Monday, November 28, 2005

The issue of free will has occupied my thought for quite some time, and the answer seems to shrouded in a number of different layers of concepts and issues, which makes it an ardous task. Are humans free? Or are we a part of a grand design, and our free will is an illusion? I do not suppose that i have found the ultimate answer to this question, so i'll just talk a little about it, examining the matter from different angles.There are, i think, three major theories of determinism: Religious determinism, Physical determinism, and Psychological determinism.

Religious determinism believes in an omnipotent, omniscient God, who knows everything that has happened in the past, or will happen in the future. The immediate question raised is that if God knows everything is going to happen, how can we have a say of our own in deciding it. Well, to my mind, it is not a valid objection because "knowing" is not the same as "deciding". God may know that i'll have a sandwich for breakfast, but that doesn't mean he forced me to take it. But there can be other versions of religious determinism in which God does decide the whole future, as is revealed in the concept of fate. However, this clearly contradicts the idea of accountability associated with most religious. We can only be accountable for our actions if we are free. Obviously, the religious determinism rests on the idea of God, and if it is denied, it collapses. 

Physical determinism maintains that all things including humans obey the laws of physics, and therefore there is no free will. The difficulty with this idea is the assumption that "all things" obey laws of physics. As far as i know, physics is not capable of explaining the origin of consciousness in humans, and therefore believing that all biology is reducable to physics is, at present, unjustified.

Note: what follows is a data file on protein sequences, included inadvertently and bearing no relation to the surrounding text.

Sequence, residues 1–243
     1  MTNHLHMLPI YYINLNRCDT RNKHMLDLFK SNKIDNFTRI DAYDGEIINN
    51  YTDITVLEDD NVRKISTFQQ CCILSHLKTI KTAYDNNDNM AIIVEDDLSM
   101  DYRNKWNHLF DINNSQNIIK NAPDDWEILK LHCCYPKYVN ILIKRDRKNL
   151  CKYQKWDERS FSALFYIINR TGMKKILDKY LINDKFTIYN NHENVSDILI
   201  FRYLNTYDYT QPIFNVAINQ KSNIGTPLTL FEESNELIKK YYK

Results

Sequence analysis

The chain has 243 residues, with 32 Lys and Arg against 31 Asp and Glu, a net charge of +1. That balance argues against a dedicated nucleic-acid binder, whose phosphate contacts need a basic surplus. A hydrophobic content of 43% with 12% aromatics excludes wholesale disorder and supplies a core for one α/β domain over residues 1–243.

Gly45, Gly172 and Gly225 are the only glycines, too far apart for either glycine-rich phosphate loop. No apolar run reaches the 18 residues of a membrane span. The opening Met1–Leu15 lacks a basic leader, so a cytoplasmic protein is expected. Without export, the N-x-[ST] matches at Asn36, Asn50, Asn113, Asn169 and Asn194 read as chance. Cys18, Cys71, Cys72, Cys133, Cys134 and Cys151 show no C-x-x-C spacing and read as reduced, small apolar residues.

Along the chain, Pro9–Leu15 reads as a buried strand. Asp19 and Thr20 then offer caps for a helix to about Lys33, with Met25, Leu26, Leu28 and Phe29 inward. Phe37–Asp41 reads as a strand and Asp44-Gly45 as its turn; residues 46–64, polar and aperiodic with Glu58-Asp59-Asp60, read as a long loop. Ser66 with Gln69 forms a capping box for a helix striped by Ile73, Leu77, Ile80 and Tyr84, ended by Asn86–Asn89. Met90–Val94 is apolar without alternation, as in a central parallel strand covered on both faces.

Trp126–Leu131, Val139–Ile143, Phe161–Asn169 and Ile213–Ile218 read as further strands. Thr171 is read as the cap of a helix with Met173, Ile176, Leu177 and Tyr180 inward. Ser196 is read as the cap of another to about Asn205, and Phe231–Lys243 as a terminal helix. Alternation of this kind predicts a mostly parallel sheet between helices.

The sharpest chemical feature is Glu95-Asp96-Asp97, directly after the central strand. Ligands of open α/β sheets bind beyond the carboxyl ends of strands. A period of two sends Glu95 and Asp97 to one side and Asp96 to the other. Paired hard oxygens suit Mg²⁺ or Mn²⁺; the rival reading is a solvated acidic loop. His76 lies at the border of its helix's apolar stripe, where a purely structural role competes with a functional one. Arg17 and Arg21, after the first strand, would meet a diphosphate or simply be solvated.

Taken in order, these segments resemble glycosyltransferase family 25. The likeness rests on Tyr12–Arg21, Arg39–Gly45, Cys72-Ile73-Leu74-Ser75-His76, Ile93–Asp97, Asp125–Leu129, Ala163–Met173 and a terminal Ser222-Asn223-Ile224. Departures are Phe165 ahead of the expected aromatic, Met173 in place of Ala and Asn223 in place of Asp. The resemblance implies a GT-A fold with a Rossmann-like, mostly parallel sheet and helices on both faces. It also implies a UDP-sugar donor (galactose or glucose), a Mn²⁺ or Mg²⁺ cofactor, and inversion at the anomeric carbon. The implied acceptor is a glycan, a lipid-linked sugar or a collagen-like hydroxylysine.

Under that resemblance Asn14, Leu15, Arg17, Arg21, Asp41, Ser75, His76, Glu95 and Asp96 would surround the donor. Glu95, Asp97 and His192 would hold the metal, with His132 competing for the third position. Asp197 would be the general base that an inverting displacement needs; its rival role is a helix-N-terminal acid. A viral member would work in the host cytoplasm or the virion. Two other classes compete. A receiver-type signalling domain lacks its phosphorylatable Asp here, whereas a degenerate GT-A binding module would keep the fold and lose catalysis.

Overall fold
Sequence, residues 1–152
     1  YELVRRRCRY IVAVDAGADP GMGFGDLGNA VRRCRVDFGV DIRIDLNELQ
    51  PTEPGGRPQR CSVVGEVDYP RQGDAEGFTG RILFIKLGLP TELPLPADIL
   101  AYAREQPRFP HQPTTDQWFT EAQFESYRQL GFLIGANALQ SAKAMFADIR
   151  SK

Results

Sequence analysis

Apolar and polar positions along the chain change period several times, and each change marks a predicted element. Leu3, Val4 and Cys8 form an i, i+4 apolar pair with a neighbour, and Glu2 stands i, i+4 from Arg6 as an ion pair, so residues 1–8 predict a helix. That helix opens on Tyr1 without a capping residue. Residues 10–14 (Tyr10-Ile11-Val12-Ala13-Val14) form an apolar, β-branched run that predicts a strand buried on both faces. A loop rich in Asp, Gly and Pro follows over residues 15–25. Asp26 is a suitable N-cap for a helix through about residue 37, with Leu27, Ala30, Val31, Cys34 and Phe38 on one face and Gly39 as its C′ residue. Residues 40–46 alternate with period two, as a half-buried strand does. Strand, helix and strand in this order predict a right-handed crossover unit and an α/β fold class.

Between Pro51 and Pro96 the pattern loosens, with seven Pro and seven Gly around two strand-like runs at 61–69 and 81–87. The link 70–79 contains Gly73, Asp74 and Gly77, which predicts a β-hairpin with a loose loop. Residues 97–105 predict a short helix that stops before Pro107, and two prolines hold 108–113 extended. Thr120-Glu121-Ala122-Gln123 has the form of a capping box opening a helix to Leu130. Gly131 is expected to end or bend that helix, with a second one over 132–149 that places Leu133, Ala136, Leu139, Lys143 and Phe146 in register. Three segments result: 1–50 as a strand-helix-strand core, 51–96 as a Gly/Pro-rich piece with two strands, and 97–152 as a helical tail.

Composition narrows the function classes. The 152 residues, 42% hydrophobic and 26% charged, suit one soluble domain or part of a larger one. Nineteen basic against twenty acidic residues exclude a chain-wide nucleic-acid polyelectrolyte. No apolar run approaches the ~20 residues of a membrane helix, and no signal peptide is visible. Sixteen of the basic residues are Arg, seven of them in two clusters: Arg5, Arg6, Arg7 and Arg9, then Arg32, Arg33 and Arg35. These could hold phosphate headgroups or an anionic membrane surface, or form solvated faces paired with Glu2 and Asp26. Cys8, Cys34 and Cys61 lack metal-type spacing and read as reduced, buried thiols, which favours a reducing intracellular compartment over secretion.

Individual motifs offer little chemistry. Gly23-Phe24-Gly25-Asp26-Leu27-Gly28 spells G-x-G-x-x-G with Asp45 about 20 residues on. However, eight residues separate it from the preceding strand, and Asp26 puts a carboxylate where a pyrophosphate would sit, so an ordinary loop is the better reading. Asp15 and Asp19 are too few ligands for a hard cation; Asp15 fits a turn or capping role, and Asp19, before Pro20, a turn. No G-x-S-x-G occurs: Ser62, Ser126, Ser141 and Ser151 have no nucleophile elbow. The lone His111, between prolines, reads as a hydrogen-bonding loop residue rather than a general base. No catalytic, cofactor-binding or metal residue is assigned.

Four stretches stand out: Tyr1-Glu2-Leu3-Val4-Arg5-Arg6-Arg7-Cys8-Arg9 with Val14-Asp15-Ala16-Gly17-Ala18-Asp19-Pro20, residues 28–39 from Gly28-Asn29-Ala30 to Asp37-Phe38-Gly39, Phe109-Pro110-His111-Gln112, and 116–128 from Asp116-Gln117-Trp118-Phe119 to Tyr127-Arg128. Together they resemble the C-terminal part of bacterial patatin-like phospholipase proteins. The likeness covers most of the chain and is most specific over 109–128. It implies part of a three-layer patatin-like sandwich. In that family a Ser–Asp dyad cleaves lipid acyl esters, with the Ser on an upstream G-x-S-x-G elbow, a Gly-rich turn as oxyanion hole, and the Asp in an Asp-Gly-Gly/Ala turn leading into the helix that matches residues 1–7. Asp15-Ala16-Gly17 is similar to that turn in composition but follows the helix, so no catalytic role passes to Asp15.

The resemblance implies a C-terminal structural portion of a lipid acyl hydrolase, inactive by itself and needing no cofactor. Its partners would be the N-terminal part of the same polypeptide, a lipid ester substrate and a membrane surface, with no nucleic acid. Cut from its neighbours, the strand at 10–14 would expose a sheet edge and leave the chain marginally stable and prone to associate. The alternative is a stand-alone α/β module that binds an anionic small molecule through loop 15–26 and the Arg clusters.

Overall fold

Psychological determinism states that all human actions have a motive behind them. We eat because we feel hunger, we work to get food, we sleep to rest, and we love because it is a biological drive. Behaviouristic psychology has emerged as one of the most important psychological theories. Although it seems reasonable, but when applied to concrete situations in which humans make decisions, I don't find this theory much convincing. However, the fact that we can to some extent predict human behaviour is a great support to this idea. 

Another problem associated with the issue is of defining free will. The most common definition is that when several courses are open to us, when can choose any one of them. The problem is that computers can also "choose" from a number of possibilites. Does that mean they are free as well? In fact, many believe that human mind too acts like an "artificial intelligence", making decisions on the basis of previous ideas and contents of mind.

I don't know, but determinism tends to make life spooky for me. It completely denies any distinction of good and evil, because they are associated with free will. Think about it.

Sunday, November 27, 2005

Human life appears to be a collage of contradictions. At times, it seems so petty and so insignificant, like a bug roaming in a vast tropical jungle. And at others, it is almost god-like, as if the universe was made just to serve our purpose. Sometimes, fate conspires in such arcane manners to help that we are astounded, and sometimes we seem to be trapped in a whirlpool of problems, with the waves piling up exponentially. Life teems with coincidences, coincidences that are organized in such a pattern that they appear to be the work of a higher consciousness. A person's whole life can change just because of one coincidence; one moment can determine the rest of your future. And every so often it occurs as if our very life was designed for that moment; our whole journey was meant for that instant. The sensation is almost mystical, inspiring, and in someway, also a little fear-producing; because if our very life is for that point of time, that negligible tick of clock will determine our failure or success, happiness or grief. These thoughts may appear the leisure-outputs of a poet, but i don't why, they are so much connected with my mind that rejecting them would be akin to tearing a part of my own identity.

Saturday, November 26, 2005

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